I am a shedder.
I leave long, curly blonde hairs on the carpet of your car, the pillows of your couches, on the backs of the seats at church, and on your shirt when I give you a hug. My hairs clog the sink and get tangled in the rollers of the vacuum. If I’m ever a suspect for anything, the detectives won’t need to look for my fingerprints or footprints—all they’ll need to do is follow my trail of tresses.
I know I leave my hair everywhere I go (sorry about that) but what else am I leaving behind? When I leave yoga class, Bible study, your kitchen table, are there smiles lingering? Laughter? Sarcasm? Complaints? Prayers? What am I imprinting?
Are people glad I came, or do they sigh with relief, grateful for my departure?
I’ll never hear the conversations and comments after I exit a room, but I can choose how I act when I’m in that room. My husband and I went to see Mitch Albom, the author of Tuesdays With Morrie, speak last week. Mitch shared one of the most important things Morrie taught him, a lesson Albom weaves into all of his books, is that “one life touches another and another.” Jesus says, “Love your neighbor as yourself.”—Matthew 22: 39
If I’m going to fully love my neighbor, if our lives are going to touch people one way or another, we can choose to try to love them and touch them in positive, meaningful ways. We all get that choice. Each time we enter a room. If we’re running late and juggling our keys and our purse and our coffee, we can grump and make excuses and make a big deal about our woes OR we can smile and laugh and greet someone. When we’re listening to someone speak—whether that’s a doctor, pastor, counselor, boss, co-worker, best friend, spouse, student or one of our own kids—we can choose to continue with our busyness, our business, on our phones OR we can choose to look them in the eye, give them our full attention, and truly listen.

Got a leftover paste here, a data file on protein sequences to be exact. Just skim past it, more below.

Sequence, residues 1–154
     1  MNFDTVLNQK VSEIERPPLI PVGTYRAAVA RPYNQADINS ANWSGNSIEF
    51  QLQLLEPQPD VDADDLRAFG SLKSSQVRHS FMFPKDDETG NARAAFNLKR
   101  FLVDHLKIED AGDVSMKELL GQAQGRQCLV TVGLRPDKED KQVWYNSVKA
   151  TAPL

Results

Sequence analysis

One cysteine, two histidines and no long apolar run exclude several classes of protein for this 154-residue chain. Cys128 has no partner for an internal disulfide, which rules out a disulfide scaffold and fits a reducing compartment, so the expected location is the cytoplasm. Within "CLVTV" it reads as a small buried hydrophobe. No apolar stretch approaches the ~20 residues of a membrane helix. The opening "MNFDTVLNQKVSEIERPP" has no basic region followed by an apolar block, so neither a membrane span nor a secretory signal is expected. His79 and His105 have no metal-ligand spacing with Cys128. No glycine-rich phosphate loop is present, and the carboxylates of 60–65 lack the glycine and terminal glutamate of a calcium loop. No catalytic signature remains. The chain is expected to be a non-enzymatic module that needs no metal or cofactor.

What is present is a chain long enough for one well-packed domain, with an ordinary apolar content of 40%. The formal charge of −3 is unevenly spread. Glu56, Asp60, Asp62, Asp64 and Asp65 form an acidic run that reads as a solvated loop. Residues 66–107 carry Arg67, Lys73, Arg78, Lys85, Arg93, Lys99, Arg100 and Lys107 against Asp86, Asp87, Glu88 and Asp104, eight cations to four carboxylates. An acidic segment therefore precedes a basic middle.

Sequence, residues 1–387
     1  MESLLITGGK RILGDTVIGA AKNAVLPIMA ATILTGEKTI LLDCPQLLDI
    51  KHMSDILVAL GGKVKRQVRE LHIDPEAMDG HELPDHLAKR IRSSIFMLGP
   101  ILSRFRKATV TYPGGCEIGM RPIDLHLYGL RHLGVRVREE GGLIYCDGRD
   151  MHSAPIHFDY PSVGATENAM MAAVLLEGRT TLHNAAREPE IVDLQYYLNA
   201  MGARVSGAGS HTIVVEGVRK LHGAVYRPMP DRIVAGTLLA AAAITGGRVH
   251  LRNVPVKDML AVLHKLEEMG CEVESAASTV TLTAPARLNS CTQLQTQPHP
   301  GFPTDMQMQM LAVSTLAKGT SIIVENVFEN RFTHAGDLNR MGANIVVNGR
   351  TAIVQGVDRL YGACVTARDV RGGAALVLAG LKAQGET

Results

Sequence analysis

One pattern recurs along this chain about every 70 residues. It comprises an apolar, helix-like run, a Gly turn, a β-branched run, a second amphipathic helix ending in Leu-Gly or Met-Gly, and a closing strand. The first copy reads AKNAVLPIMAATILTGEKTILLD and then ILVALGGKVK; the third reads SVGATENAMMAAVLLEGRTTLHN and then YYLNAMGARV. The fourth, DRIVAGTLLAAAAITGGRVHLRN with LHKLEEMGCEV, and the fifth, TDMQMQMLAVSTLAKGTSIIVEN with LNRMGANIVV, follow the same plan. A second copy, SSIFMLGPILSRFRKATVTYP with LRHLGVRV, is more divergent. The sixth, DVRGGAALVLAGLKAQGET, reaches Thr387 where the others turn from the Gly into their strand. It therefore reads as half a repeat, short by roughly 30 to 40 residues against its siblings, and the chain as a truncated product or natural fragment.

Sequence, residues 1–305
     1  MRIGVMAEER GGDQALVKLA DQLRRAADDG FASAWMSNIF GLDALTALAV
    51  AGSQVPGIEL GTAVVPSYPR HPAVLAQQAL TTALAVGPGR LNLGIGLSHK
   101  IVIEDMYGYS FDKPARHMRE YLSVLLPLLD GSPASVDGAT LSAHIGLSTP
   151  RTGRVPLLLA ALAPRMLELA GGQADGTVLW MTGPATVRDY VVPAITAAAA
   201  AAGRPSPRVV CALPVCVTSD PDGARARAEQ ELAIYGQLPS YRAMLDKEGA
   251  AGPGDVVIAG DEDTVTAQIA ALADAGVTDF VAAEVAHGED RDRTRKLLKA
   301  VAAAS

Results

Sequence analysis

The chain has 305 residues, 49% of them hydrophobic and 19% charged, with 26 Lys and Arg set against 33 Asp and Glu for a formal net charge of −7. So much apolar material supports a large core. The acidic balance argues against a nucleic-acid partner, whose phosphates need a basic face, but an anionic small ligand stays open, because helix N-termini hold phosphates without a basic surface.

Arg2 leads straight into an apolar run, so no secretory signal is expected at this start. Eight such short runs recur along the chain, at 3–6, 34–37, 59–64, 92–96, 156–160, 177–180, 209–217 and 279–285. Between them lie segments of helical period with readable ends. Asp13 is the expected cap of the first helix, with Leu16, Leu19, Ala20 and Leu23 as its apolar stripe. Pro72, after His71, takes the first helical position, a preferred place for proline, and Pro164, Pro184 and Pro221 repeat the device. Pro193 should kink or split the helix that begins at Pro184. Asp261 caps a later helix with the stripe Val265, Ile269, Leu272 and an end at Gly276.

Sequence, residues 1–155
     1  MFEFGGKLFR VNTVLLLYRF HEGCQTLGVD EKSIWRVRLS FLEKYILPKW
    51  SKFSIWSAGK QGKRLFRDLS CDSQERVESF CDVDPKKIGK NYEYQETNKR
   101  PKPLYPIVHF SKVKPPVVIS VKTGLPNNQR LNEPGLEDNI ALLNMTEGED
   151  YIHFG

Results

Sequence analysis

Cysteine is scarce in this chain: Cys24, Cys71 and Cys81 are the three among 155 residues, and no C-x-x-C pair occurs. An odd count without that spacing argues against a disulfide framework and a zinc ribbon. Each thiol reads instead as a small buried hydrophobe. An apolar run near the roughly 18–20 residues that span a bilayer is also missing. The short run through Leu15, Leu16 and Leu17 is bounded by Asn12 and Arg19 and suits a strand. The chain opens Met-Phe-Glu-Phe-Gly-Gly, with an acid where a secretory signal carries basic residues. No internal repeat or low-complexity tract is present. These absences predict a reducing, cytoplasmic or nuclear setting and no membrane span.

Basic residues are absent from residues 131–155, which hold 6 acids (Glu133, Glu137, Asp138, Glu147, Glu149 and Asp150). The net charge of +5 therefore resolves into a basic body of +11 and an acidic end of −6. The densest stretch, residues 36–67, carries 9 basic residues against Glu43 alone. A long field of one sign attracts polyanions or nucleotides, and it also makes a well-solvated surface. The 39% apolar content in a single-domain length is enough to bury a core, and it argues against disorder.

Even when we’re the ones who need help, who are asking for advice, who need help carrying a load—physical, emotional or mental—(because some days we do need help) we can still choose to say, ‘thank you,’ to let the person know how much we appreciate them, how grateful we are for their help.
I’m going to be a lot of places over the next few weeks—soccer games, sports banquets, my children’s schools, church, visiting family for the holidays to name a few. How about you? Where are you headed? How will we act? What will we leave behind? In this season of thankfulness, let’s make a pact to remind others of all that they have to be thankful for, to have our presence be something they are thankful for, not because we are awesome or brilliant or have all of the right answers, but because we can choose to shine light in dark places, to choose hope over despair, and to choose compliments over criticism.
When someone finds one of my hairs—which they’re bound to do—after parting ways with me, I pray they pull it off their sleeve or pick it off their floor and smile, that I have left them with peace, strength or a little joy.
Laura L. Smith